LONDON, Oct 1 (Thomson Reuters Foundation) - More than 30 countries on Thursday condemned “medically unnecessary surgeries” on intersex children as a human rights violation, amid mounting efforts to ban such operations.
It is the first time that unnecessary surgeries on children born with an indeterminate sex have been criticised at the United Nations, advocates said, with 34 countries signing the statement at a U.N. Human Rights Council session.
“Intersex people - that is, individuals who are born with sex characteristics that do not fit the typical definition of male or female bodies - continue to face serious and widespread human rights violations and abuses,” the statement said.
“Governments should investigate human rights violations and abuses against intersex people, ensure accountability, reverse discriminatory laws and provide victims with access to remedy,” it said, with signatories including Pakistan and Argentina.
The U.N. says about 1.7% of babies are born intersex, with a small proportion undergoing surgery to bring the appearance and function of their genitalia into line with that expected of males or females.
Research suggests that unnecessary surgeries performed without children’s consent can lead to psychological damage later in life. They are banned in Malta and Portugal, both of which signed the statement.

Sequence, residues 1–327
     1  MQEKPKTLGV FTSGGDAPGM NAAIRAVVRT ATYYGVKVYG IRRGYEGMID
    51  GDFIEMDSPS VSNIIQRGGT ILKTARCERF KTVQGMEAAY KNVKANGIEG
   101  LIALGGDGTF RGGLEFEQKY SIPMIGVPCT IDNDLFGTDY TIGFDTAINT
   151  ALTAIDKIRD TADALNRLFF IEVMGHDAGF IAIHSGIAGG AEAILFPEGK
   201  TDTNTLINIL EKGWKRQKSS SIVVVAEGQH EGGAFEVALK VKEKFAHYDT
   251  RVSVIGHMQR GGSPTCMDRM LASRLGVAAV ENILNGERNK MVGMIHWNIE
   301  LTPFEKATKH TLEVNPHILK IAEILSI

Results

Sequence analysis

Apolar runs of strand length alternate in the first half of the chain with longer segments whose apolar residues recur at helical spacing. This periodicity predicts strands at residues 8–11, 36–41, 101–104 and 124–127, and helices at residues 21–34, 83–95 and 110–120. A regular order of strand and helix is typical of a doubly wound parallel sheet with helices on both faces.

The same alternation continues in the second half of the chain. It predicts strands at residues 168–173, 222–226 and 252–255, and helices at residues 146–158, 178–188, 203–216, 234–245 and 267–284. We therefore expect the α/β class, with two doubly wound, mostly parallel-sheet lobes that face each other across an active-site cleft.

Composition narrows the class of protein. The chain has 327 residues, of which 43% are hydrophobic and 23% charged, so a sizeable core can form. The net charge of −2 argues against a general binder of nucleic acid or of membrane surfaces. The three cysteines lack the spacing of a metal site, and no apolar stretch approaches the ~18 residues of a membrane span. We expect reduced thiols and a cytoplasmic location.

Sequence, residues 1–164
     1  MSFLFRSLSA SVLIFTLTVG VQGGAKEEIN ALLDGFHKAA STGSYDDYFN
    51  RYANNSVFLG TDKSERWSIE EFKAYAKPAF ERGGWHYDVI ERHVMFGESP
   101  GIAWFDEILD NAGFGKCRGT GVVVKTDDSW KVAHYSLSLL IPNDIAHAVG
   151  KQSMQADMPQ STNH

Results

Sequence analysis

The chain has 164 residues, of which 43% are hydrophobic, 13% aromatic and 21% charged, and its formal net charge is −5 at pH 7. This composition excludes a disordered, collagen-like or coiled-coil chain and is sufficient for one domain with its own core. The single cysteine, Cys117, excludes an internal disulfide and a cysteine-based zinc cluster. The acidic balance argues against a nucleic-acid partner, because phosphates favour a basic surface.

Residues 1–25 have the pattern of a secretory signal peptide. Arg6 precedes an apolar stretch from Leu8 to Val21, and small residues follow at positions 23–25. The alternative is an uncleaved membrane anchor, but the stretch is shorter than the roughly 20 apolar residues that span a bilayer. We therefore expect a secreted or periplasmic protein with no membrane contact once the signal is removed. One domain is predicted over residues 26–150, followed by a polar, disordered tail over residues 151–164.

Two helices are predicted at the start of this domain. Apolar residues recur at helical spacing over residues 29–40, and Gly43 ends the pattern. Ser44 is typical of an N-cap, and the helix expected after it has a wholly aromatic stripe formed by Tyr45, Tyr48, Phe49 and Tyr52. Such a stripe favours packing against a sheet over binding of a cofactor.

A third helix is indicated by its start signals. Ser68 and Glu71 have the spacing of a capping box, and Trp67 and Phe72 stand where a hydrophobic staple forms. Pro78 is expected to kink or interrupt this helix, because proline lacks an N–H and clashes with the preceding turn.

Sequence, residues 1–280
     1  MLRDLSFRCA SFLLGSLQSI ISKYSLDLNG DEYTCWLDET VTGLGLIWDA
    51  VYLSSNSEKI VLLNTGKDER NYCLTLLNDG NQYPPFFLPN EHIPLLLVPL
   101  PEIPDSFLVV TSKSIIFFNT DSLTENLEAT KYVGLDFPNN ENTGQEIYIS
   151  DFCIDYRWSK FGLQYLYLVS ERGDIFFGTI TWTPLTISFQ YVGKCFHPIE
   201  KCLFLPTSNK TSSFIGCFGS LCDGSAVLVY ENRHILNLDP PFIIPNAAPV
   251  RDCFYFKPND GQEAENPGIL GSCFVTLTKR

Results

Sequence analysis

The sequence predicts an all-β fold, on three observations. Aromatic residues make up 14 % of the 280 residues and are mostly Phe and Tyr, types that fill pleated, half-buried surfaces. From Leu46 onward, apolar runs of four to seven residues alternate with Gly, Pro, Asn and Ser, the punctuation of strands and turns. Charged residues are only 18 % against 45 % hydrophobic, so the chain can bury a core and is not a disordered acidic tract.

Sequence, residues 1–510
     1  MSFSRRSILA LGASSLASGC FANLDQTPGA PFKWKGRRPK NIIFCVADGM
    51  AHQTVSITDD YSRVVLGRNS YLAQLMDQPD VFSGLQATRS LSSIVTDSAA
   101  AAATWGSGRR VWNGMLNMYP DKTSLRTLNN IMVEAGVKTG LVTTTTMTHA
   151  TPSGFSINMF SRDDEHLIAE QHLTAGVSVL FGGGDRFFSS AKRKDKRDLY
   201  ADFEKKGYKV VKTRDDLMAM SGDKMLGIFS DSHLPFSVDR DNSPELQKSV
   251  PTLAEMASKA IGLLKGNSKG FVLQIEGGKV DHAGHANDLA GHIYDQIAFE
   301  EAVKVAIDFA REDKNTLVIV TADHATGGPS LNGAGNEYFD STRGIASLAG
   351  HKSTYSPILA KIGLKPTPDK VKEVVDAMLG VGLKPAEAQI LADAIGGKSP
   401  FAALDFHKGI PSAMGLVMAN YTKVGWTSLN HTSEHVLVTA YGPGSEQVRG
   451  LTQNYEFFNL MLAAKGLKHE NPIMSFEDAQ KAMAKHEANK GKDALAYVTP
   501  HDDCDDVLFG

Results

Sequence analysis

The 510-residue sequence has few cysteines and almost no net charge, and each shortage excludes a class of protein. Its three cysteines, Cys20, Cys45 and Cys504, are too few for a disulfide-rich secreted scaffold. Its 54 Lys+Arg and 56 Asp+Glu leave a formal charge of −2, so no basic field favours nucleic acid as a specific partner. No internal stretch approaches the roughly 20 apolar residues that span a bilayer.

“Our bodies were born whole, and only we should have had the right to decide what happened to them,” Mauro Cabral Grinspan, executive director of GATE, a U.S.-based intersex and transgender advocacy group, said in emailed comments.
“We hope that today’s words at the United Nations will push states to finally take action and restore justice towards us,” he told the Thomson Reuters Foundation.
An Austrian diplomat who helped coordinate the statement, but was not authorised to speak publicly, said it could be a first step in raising awareness of intersex rights violations and more countries may sign up next week. (Reporting by Rachel Savage @rachelmsavage; Editing by Katy Migiro. Please credit the Thomson Reuters Foundation, the charitable arm of Thomson Reuters, that covers the lives of people around the world who struggle to live freely or fairly. Visit news.trust.org)